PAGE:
It is not as if diabetics don’t have it hard enough. They already have increased risk of cancer, kidney disease, cardiovascular disease, and Alzheimers? But it is now becoming clear that one of the deadliest diseases on the planet, malaria, also attacks diabetics with great efficiency. Thus, a study in Ghana has linked diabetes and increased malaria. Malaria kills about one million people every year. Could it be that a high-carbohydrate diet that leads to uncontrolled blood sugars also makes one susceptible to malaria?
Malaria is caused by a parasite that inhabits red blood cells (erythrocytes). The infected cells have an enormous requirement for glucose (emphasis mine):
Malaria parasites also are dependent on glucose as a nutrient source. As Plasmodium has no capacity to store energy in the form of glycogen they rely entirely on an exogenous supply of glucose. The infected erythrocyte exhibits a substantial increase in its permeability to low molecular weight sugar. The metabolism of the parasite utilizes up to 75 times more glucose than uninfected erythrocytes. Glucose is vital for Plasmodium. An in vitro study (H Humeida et al., J of Diabetology, October 2011, 3:6) has shown that growth and proliferation is impaired below 5.5 mM.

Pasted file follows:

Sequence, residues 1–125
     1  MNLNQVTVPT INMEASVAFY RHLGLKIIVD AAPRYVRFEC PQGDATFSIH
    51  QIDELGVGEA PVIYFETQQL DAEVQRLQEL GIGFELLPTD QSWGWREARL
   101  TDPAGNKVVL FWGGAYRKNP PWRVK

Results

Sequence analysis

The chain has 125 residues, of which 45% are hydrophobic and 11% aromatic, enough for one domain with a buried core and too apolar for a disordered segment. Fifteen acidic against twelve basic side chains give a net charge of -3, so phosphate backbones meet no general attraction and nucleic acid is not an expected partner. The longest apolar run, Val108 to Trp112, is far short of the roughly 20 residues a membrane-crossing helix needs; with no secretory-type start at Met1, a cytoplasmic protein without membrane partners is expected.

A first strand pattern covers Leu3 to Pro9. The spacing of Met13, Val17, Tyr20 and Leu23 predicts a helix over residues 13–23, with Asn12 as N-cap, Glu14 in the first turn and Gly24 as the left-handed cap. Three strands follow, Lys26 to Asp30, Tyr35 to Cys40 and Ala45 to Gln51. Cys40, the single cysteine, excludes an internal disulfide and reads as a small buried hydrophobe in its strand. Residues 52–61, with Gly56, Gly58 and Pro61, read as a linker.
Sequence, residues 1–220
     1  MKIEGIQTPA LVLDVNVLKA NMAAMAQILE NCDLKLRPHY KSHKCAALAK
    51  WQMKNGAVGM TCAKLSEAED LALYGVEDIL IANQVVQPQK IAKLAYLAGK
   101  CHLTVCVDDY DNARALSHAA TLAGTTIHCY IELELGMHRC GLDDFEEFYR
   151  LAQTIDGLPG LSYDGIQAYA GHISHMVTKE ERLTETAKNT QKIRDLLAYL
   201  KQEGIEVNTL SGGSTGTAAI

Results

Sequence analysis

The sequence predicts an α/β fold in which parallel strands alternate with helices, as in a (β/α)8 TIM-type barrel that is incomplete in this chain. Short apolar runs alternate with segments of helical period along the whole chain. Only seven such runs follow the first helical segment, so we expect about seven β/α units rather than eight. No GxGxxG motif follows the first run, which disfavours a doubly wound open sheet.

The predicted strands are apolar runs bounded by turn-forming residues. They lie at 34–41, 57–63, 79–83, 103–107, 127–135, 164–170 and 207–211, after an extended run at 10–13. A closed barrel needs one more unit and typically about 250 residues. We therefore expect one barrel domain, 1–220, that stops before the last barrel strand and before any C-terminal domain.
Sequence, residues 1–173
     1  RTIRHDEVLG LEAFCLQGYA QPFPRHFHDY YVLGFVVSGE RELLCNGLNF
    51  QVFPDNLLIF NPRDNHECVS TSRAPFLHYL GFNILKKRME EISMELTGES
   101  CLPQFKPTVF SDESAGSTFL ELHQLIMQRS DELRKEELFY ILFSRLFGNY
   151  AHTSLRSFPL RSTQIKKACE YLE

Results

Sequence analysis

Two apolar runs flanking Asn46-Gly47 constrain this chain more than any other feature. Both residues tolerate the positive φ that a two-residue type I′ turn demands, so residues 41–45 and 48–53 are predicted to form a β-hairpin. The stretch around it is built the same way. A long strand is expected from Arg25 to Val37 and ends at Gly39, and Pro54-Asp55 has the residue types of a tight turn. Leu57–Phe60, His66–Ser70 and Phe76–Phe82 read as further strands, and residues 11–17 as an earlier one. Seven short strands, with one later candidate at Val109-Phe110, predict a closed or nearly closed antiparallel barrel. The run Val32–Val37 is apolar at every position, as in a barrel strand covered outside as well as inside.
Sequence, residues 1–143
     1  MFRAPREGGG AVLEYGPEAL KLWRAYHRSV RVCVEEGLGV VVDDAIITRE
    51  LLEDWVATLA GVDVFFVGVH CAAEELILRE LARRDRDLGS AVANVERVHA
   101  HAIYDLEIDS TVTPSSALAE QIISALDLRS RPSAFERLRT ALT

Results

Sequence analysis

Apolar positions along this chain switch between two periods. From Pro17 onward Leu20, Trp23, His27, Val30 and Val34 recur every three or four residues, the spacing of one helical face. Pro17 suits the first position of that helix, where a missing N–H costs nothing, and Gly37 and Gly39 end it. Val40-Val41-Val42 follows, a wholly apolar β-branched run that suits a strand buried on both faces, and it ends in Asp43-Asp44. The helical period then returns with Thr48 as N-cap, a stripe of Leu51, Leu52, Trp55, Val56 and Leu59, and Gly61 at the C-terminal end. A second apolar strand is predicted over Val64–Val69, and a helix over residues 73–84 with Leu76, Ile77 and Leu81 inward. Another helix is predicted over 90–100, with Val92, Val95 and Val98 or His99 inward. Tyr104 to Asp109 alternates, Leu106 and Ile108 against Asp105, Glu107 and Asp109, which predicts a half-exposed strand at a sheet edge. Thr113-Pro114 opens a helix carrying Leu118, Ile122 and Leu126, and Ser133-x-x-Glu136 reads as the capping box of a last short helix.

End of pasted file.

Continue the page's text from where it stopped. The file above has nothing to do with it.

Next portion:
I wonder if a person had constantly normal blood sugars (4.3-4.6 according to Richard K. Bernstein), which can only be achieved through fasting or ketosis, whether this would ward off malaria. Apparently so. Malaria apparently recurs in famine victims as a result of refeeding (Anuraj Shankar, “Malaria and Nutrition”, 229f. in Nutrition and Health in Developing Countries, Richard D. Semba, Martin W. Bloem eds.):
Thus, the moment that the starvation victim receives anew a high carb diet, the malaria parasite seizes the opportunity to multiple. Apparently, the ketogenic state of starvation makes it difficult for the parasite to obtain adequate glucose. It stands to reason that the uncontrolled blood glucose is the the reason that diabetics are at greater risk of malaria. My guess is that a low-carb high-fat diet would greatly reduce the risk of malaria. In addition, perhaps fasting followed by a ketogenic diet should be recommended along with anti-malarial medications as a treatment. If a person can afford no other treatment, perhaps fasting could potentially act as a cheap cure.
So carbs are poison not only because of the damage that high blood sugars cause to bodily tissues but because of the parasites that the high carbohydrate diet promotes. This includes Candida (yeast infections), parasitic worms and Lyme disease. And now we can add malaria.